Violence escalated in central Athens late on Saturday, in the wake of protest marches held to commemorate the shooting of teenager Alexis Grigoropoulos by a policeman six years ago. Groups of protestors that broke off from the main body of a march on Panepistimiou street made their way towards the Exarchia district, where Grigoropoulos was killed six years earlier on December 6, 2008, where they set fires and engaged in ‘guerrilla warfare’ tactics with riot police.
At least 20 people were detained for the incidents taking place in the city centre, while tensions remained high in Exarchia and a car was reported torched on Benaki street.
The violence broke out during a second large march in memory of Grigoropoulos that was held in Athens, following a largely peaceful march by students and school children earlier in the day. Thousands of demonstrators set off from the area in front of Athens University, initially planning to reach Syntagma Square, but most turned back to the rallying point after clashes broke out between Panepistimiou and Stadiou Streets, before the marched reached the square.
Tension between protestors and police erupted near Mitropoleos Street, where police used stun grenades, and on Panepistimiou at the intersection with Voukourestiou Street, where groups of protestors attacked police with stones and were again fended off with stun grenades and tear gas. Other groups set fire to dumpsters, broke shop windows, smashed marble stonework on buildings and vandalised bus stops and phone booths.
Protest marches for Grigoropoulos in Thessaloniki, Patras and other Greek cities were also marred by violence, with at least five people detained in Thessaloniki and seven in Patras following clashes with police.
In Thessaloniki, groups of protestors damaged shop windows and surveillance cameras at bank branches along Tsimiski road, overturned dumpsters, daubed paint on banks and threw stones and pieces of marble at police, who replied with stun grenades.
One protestors threw a flare through a shop window, starting a fire that was extinguished before anyone was injured.
Violent incidents were also reported during a demonstration for Grigoropoulos in the port city of Patras, where hooded individuals threw a petrol bomb at the Courthouse and seven people were detained in ensuing scuffles with police, who responded with stun grenades.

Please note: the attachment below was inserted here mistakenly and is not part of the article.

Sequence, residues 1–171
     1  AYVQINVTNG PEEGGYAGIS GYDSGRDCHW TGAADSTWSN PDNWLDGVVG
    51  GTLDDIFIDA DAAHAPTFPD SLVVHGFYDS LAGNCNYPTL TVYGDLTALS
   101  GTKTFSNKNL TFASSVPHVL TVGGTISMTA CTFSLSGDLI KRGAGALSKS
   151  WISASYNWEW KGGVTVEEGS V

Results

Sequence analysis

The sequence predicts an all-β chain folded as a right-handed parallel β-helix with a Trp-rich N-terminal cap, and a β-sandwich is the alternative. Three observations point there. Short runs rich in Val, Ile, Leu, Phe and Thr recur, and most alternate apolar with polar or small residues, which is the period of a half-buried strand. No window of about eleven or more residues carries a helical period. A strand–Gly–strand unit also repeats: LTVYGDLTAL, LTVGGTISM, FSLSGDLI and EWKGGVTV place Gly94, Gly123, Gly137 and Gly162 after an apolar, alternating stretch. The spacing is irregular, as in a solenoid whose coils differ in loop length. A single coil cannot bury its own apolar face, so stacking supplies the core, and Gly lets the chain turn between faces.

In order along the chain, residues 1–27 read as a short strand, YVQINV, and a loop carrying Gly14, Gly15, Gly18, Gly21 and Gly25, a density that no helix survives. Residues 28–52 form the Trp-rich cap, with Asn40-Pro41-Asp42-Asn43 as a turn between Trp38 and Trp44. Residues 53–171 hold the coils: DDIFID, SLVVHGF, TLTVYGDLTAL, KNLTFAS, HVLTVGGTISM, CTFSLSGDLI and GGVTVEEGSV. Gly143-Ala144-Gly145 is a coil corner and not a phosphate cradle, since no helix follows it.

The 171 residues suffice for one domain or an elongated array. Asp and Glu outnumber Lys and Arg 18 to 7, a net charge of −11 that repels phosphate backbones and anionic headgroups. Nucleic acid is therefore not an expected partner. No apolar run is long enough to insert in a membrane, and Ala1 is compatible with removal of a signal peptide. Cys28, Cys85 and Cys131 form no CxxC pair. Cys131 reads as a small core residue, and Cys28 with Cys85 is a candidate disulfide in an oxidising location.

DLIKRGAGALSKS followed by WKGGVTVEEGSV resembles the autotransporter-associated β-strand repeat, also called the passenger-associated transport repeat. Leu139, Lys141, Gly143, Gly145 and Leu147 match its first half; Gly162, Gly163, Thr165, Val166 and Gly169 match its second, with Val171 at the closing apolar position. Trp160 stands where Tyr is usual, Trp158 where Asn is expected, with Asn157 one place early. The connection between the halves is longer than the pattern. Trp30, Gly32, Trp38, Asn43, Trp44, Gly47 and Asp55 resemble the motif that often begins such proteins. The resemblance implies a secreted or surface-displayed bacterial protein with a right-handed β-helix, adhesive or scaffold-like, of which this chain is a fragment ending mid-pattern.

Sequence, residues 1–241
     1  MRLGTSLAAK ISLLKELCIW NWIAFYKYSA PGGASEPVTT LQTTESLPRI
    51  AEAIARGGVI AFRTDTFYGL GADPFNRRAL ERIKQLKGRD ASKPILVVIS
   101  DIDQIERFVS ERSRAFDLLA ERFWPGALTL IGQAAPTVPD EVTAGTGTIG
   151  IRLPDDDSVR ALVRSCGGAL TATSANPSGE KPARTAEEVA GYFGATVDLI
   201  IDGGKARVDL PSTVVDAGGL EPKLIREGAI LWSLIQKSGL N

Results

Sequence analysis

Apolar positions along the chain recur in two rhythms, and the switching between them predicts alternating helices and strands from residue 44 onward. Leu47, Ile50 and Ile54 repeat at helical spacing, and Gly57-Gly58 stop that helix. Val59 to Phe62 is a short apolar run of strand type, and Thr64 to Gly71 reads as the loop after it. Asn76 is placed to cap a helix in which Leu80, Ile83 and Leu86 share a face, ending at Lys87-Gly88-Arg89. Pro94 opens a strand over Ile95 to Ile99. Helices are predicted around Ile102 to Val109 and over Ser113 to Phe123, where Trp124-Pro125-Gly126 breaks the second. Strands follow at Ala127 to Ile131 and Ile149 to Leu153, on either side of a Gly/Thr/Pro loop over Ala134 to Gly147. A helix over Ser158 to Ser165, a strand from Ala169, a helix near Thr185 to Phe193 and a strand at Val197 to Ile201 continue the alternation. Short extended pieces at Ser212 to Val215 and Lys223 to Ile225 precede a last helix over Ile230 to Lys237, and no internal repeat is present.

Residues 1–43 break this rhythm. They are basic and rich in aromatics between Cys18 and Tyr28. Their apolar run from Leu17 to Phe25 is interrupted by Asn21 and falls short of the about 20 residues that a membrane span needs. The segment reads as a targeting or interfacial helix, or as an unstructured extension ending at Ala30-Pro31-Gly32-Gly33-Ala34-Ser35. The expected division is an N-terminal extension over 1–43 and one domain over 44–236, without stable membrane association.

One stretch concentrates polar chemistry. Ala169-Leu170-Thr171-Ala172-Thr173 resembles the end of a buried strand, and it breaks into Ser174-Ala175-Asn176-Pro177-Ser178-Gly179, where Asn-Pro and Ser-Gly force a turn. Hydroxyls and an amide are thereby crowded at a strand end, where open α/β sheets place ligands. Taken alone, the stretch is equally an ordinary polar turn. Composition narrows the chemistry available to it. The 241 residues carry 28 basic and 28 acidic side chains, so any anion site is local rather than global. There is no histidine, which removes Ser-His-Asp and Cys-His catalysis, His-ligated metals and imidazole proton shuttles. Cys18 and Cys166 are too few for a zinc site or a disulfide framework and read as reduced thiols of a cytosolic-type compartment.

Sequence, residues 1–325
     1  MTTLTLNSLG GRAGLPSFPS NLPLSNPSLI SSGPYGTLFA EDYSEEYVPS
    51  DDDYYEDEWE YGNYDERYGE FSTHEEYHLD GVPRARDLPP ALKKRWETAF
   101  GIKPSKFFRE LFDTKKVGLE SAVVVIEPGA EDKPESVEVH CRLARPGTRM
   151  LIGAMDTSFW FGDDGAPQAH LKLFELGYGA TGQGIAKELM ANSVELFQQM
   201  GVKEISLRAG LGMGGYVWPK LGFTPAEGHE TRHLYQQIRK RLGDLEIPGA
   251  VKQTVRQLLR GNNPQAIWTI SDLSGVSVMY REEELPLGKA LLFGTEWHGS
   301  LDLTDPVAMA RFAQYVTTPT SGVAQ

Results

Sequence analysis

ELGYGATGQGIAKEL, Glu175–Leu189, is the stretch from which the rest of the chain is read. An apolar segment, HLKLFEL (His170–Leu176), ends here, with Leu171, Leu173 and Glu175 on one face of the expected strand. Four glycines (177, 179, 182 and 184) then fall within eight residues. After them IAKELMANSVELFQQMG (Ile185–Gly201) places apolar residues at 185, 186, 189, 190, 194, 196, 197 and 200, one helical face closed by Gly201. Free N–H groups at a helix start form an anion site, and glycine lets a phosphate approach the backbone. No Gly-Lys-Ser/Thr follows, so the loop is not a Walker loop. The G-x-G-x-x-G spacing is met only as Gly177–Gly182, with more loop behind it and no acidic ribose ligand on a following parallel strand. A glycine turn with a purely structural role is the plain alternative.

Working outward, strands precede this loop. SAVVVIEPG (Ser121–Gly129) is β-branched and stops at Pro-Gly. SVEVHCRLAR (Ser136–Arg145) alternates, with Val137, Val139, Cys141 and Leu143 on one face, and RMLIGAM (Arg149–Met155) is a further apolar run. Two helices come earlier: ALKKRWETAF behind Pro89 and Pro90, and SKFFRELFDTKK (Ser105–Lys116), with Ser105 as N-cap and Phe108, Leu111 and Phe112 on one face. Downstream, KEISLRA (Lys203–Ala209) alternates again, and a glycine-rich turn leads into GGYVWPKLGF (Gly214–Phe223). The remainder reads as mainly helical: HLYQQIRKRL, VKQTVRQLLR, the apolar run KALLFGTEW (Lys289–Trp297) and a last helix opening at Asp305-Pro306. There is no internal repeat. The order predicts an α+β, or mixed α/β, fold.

Minor skirmishes between police and protesting youths were also reported in the western Greek city of Agrinio, during a rally in memory of Grigoropoulos and in support of Romanos, as well as in the city of Ioannina.
Prime Minister Antonis Samaras agreed to receive the parents of hunger-striking inmate Nikos Romanos at his offices on Monday at 11:00, the government announced. The meeting was arranged at the request of Romanos’ parents, which was relayed to the prime minister’s office by Romanos’ lawyer on Saturday afternoon, the announcement said.
But, with a statement read to the press by his lawyer on Saturday, Nikos Romanos asked their parents not to meet with the Prime Minister, because “he knows well what to do”.
Romanos, in prison serving a conviction for armed robbery and also facing trial on terrorism-related charges, started his hunger strike near four weeks earlier in protest against the refusal of his request for educational furlough. Romanos wants to attend classes for a course at a Technological Educational Institute, where he had obtained a place after sitting nationwide university entrance exams earlier this year.
Outspoken SYRIZA lawmaker Yiannis Micheloyiannakis announced on Saturday that he was going on hunger strike, citing a series of reasons ranging from solidarity for dozens of Syrian refugees who have been protesting outside Parliament, as well as austerity policies and the government’s refusal to grant study furloughs to jailed bank robber and anarchist Nikos Romanos.
“I have decided to go on hunger strike with the Syrians,” the leftist said. He slammed the government for “begging the troika to accept [the measures] that they want to enforce” and for not responding to Turkish Prime Minister Ahmet Davutolgu’s stated support for energy resources discovered off Cyprus being shared between the two communities on the divided island.
“Not as an MP but as a Greek citizen, I am unable to understand and to agree to all the above,” Micheloyiannakis said.